The King Collection Gives Grady High Students Insight On Life of Martin Luther King Jr.Date Released: September 29, 2017
By Tammy Joyner
Contributing Writer for morehouse.edu
Students from Morehouse College and Atlanta’s Grady High School recently spent class time together immersed in the works of the College’s most famous alum.
The Sept. 26 and Oct. 3 meeting at Morehouse was part of the the program known as “The Civic Engagement Project.” The outreach gives students an opportunity to explore the legacy and writings of Dr. Martin Luther King Jr.’48 and discuss how his message applies to America’s volatile political and social climate today.
The Morehouse-Grady collaboration is part of Project Pericles, a non-profit group of liberal arts colleges and universities, which work to make social responsibility and participatory citizenship a key component of their undergraduate curriculum, in the classroom, on campus, and in the community.
“The goal is for the students to engage with some of the most critical ideas and most effective arguments in Martin Luther King, Jr.’s work.,” said Michael Janis, an associate professor of English at Morehouse who worked with Grady English teacher Larry McCurdy to organize the event. “It’s a great opportunity to work in the community.”
McCurdy, who accompanied 17 students and two other faculty members on the trip, said King's speeches "are timeless and totally relevant to so many things today. “He’s so universal in his idea of social change and taking the high road amid dissent and hate," McCurdy added. "It’s so relevant to our national zeitgeist.”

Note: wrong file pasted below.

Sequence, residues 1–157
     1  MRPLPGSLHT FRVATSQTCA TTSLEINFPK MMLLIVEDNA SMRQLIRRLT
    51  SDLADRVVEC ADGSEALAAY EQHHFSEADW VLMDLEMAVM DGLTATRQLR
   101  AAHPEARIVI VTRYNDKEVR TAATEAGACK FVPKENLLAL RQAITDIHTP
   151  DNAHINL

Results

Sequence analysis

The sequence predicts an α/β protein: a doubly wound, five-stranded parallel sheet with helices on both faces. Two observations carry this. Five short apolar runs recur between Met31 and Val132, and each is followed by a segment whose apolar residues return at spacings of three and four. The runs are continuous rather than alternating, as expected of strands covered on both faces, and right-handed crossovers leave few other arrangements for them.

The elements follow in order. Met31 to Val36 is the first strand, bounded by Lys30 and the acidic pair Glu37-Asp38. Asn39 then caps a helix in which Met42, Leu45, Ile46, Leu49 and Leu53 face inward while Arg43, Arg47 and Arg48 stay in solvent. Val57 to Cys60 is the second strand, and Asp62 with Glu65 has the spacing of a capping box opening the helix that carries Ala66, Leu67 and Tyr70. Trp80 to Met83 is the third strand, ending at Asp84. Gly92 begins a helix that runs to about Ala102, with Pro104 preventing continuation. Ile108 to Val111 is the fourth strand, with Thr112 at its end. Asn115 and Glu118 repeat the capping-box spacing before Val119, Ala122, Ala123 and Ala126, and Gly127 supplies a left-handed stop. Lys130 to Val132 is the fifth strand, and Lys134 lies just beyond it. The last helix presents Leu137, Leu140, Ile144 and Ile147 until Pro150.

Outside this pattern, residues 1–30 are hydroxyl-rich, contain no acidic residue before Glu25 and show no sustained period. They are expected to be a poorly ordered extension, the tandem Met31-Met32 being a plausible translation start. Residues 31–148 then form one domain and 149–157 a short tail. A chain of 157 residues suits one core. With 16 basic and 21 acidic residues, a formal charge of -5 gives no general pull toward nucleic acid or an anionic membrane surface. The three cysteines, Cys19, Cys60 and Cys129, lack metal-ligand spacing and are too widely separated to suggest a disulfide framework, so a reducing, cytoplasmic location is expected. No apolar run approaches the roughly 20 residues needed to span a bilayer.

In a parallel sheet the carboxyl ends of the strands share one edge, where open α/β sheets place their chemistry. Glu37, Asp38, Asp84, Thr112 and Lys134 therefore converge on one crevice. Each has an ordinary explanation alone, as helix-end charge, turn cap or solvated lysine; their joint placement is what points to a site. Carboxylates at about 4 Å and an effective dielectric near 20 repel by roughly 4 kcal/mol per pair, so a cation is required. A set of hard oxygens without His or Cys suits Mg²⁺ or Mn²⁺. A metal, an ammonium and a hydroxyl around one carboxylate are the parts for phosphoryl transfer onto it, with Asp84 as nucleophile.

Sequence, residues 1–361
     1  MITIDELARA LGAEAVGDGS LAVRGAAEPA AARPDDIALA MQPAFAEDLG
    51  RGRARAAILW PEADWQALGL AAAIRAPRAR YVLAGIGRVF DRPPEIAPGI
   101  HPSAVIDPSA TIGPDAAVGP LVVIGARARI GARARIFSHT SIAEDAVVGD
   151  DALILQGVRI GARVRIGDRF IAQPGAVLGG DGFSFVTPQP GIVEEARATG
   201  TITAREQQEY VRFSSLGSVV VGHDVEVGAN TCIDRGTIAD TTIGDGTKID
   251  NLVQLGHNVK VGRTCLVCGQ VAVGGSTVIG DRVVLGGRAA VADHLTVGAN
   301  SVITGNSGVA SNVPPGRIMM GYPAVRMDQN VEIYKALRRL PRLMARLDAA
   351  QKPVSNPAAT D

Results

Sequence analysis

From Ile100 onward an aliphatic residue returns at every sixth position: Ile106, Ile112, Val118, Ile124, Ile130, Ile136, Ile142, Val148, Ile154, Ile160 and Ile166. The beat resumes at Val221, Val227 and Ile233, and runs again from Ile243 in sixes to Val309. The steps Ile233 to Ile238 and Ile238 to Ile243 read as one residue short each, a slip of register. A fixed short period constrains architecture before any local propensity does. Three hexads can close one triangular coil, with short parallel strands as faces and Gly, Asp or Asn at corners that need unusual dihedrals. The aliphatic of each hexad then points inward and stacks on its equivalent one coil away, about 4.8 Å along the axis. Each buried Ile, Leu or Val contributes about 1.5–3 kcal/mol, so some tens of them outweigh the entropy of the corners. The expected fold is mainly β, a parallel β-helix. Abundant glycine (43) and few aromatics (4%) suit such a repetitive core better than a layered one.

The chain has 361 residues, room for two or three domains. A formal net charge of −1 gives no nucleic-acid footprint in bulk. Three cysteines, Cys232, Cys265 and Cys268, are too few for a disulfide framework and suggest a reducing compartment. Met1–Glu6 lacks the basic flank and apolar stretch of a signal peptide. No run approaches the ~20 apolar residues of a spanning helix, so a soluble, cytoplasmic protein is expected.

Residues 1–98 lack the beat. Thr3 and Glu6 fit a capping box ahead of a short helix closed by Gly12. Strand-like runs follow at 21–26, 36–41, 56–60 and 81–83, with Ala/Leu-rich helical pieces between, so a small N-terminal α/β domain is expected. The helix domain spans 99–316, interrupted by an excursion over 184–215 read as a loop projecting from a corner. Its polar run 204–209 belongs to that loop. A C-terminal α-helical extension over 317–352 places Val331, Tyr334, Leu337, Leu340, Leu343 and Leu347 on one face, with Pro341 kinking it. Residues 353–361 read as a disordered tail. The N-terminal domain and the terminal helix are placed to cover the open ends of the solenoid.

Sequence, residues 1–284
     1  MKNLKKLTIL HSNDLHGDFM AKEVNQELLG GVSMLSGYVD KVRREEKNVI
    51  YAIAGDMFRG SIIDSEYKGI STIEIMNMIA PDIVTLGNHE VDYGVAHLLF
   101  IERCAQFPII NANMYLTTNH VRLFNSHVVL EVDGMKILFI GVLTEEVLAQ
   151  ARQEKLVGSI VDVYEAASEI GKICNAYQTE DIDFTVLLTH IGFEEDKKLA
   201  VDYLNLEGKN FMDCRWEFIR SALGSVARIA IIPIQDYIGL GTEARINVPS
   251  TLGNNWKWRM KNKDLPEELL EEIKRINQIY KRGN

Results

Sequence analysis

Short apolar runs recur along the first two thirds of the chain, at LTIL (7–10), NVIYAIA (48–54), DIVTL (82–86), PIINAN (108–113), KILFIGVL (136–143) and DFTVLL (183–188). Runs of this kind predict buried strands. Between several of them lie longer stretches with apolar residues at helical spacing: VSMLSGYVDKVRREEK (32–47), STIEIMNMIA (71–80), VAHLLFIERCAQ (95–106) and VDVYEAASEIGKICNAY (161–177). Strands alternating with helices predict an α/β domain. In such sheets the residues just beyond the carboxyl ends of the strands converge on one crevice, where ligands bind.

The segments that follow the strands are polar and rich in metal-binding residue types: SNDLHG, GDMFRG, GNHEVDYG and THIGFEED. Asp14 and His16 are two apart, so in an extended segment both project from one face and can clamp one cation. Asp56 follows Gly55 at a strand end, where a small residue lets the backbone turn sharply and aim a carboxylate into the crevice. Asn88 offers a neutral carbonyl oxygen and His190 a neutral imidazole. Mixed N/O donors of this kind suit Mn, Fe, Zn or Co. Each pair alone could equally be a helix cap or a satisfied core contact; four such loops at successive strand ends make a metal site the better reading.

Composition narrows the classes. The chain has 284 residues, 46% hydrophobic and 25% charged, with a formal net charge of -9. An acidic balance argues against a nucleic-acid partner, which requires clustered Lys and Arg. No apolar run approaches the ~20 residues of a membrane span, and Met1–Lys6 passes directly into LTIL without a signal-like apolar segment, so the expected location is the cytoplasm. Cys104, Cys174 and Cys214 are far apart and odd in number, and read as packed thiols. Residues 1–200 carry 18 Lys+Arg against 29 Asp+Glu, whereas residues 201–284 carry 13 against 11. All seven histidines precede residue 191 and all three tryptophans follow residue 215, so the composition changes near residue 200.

Eight students from Janis’ advanced classes in English composition led the Grady students in discussions on King’s “The Time For Freedom Has Come,” an article that originally appeared in The New York Times Magazine in September 1961.
To underscore King’s message, the group visited the King Collection where they got a rare glimpse into how King composed his speeches. The civil rights leader relied heavily on outlines and continual rewrites until he was satisfied with the final draft. The group also got to see, among other things, a Western Union telegram sent to King from Muslim minister and human rights activist Malcolm X in June 1964.
Dr. Vicki Crawford, Morehouse's director of the King Collection, gave a presentation on the importance of preserving the artifacts for generations to experience. The King
Collection is in the Robert W. Woodruff Library at the Atlanta University Center.
Grady senior Shamaria Dill, 17, said her favorite part of the visit to Morehouse was seeing King’s original hand-written speeches because it “showed his thought process.” Dill, who wants to be a detective in law enforcement, plans to attend Howard University.
Morehouse junior Wendell Shelby-Wallace, one of the discussion leaders during the classroom exercise, said the hoped the exercise “enlightened scholars by exposing them not only to historical text, but also past experiences, which are relatable to modern-day society’s challenges.”
McCurdy said the Civic Engagement Project also was a chance to expose his students to college life. “Some of these kids will never set foot on a college campus if it weren’t for opportunities like this,” he said.
Last Modified: October 5, 2017, 11:10 AM, by: Synera Shelton